Subject: Attn Jacques Erasmus – Cannock USB stick, Government gateway

Dear Mr Erasmus

I refer to the 2 November 2008 Mail on Sunday article, http://www.dailymail.co.uk/news/article-1082402/Tax-website-shut-memory-stick-secret-personal-data-12million-pub-car-park.html

For nine months or so I have been using this article in part to help my case against the UK government's National Identity Scheme and on 2 September 2009 I had an article published in The Register, http://www.theregister.co.uk/2009/09/02/uk_eu_data_menace/

Or rather abusing the MoS article as by some psychological trick I had avoided noting that the lost USB stick was encrypted or forgotten it but, one way or the other, the matter was wrongly settled in my mind that the USB stick was not encrypted.

That is my entirely problem, my embarrassment, etc ...

But the question arises, was the USB stick "properly" encrypted, would it have taken millions of times the age of the universe to decrypt, or could you really have decrypted it in a sensible length of time? Were the contents all encrypted or only some of them?

It would be appreciated if you would comment on these matters, either by email on on the comments page of the Register article, http://www.theregister.co.uk/2009/09/02/uk_eu_data_menace/comments/, or here http://forum.no2id.net/viewtopic.php?t=29301, and quite understood if you can't.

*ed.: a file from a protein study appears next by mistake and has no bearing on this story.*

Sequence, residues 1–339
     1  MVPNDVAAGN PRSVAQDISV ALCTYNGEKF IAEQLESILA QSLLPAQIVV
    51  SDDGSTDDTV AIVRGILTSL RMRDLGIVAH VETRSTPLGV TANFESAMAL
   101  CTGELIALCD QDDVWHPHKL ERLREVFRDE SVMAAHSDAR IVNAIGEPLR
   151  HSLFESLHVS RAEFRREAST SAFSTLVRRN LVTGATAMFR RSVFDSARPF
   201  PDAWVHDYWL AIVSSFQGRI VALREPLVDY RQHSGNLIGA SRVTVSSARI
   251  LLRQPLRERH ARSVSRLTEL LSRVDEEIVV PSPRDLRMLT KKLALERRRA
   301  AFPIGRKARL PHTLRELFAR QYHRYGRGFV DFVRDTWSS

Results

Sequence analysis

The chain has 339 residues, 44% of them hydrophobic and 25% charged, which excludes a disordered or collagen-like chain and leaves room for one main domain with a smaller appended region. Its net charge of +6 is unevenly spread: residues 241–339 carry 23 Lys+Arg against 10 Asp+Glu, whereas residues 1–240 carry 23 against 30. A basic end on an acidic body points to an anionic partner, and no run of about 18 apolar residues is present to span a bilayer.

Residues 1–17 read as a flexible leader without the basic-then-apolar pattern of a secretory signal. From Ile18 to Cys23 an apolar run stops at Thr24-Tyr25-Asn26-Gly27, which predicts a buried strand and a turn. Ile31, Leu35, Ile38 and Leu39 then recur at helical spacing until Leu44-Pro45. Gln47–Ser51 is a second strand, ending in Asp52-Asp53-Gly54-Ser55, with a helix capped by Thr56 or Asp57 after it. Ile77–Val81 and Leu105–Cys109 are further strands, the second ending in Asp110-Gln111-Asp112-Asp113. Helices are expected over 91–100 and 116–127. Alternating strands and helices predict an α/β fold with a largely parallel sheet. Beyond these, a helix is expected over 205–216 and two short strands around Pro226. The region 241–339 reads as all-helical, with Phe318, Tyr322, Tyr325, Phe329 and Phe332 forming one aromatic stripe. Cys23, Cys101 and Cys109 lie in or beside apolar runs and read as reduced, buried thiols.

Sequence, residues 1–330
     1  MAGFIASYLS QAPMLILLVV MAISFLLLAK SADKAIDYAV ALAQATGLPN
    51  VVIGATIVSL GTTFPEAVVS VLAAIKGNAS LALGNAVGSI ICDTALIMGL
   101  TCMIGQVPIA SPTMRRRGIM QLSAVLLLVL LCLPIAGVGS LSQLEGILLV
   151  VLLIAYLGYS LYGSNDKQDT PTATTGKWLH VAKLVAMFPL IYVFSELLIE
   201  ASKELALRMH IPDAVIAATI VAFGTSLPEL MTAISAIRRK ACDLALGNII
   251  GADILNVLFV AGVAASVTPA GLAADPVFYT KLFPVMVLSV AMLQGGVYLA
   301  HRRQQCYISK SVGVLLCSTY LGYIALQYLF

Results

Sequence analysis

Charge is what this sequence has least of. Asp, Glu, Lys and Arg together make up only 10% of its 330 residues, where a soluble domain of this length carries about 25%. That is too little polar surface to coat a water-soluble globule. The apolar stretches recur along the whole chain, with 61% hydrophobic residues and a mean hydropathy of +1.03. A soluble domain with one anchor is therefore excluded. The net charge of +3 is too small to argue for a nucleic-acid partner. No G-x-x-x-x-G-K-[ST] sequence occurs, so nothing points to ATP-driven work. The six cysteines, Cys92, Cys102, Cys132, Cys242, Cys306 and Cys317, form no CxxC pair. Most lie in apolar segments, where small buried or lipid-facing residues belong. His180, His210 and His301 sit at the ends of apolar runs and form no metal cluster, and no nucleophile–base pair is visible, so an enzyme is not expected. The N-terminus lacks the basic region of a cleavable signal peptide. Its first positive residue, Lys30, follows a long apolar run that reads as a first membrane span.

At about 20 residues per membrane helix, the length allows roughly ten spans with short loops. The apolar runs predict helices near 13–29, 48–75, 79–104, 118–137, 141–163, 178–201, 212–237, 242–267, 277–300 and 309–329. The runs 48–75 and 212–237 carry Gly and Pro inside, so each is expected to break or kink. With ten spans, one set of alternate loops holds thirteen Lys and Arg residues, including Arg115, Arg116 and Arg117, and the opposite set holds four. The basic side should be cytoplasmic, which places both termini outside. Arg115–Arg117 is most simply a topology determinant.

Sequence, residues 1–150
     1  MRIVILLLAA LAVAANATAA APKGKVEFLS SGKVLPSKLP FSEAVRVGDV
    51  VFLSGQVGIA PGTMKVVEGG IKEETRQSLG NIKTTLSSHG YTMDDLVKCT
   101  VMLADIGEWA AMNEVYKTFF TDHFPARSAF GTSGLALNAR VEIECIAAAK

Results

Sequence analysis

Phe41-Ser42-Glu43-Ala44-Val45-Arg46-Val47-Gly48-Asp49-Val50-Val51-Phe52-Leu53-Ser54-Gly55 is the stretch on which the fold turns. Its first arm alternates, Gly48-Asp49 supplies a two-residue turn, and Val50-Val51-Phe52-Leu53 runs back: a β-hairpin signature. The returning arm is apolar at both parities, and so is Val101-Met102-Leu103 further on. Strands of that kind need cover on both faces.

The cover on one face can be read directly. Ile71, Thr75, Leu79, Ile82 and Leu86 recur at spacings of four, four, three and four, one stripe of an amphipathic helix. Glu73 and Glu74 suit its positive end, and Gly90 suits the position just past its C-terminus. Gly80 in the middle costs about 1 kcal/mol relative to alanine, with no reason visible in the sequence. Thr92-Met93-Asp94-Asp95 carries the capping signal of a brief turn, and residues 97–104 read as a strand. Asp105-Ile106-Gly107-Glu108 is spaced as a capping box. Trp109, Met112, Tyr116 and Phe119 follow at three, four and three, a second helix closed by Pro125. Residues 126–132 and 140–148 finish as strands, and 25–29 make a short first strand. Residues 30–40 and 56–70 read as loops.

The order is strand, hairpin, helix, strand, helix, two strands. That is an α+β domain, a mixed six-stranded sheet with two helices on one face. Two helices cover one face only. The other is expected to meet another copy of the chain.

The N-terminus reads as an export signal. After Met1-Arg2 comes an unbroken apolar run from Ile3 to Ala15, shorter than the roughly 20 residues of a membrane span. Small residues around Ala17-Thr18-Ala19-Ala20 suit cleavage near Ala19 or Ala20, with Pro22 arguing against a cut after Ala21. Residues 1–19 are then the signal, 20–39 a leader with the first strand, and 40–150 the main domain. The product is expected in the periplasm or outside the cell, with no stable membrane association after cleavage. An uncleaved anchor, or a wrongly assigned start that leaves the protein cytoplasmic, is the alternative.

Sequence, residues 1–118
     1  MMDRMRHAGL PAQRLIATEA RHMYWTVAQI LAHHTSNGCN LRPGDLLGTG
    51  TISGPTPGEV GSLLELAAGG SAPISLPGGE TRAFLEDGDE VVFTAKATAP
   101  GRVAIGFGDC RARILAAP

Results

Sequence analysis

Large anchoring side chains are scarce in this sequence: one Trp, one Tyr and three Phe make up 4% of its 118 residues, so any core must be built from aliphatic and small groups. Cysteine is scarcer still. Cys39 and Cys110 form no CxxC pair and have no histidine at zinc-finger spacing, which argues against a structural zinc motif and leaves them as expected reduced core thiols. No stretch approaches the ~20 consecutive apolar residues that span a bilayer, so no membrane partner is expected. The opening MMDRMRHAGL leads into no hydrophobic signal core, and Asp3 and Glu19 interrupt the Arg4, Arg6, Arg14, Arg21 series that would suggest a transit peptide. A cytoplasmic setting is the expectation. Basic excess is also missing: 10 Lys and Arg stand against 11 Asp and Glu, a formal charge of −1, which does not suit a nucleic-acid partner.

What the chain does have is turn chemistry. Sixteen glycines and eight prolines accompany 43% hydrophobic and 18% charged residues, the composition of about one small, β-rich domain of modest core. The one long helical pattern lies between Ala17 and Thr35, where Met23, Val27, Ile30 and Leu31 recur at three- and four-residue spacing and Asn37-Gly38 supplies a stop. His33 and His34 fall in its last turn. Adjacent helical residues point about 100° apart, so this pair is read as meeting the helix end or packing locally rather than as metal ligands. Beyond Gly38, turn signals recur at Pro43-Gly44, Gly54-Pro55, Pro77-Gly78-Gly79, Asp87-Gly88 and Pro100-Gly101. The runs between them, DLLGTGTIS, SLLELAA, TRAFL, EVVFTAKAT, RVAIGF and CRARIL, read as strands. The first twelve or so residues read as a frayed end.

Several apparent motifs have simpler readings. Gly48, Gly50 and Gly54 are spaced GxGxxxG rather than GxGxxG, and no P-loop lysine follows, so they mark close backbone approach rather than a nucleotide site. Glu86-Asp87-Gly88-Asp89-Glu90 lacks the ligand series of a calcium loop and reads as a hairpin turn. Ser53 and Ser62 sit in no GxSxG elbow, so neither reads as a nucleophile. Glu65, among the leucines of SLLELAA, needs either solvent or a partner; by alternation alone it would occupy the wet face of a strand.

Yours sincerely
David Moss



From: Prevx Weblog
Sent: 03 September 2009 16:21
To: 'David Moss'
Subject: RE: Attn Jacques Erasmus -- Cannock USB stick, Government gateway

Hi David,

It's been awhile, but the memory stick was not encrypted at all (I did the investigation). No files on the stick were encrypted and all the data was easily visible, there was a password protected zip file, however the password was somewhere in a text file in another directory.

However, if it was encrypted with the high grade encryption, it would not be feasible to decrypt the data at all. It would simply take too long for modern day computing equipment.

Hope this helps.

Regards,

Jacques


Further developments are awaited.

(The question arises whether referring the UK to the EU like this is unpatriotic. In fact, it arises not just in this case but in the case of the whole six-year campaign against the Home Office's plans to introduce ID cards into the UK. And the answer is no. The campaign is patriotic. It is the Home Office who are being unpatriotic.)


20 December 2010 – take a look at the STORK website. Six pilots are being conducted to test the interoperability of EU identity management systems. Yes? And? That's the idea, isn't it? That's the point of STORK. Yes. But take another look. None of these pilots involve the UK. We're off the radar, no longer involved, not participating, dropped, excluded and banished. Good.


David Moss has spent six years campaigning against the Home Office's ID card scheme.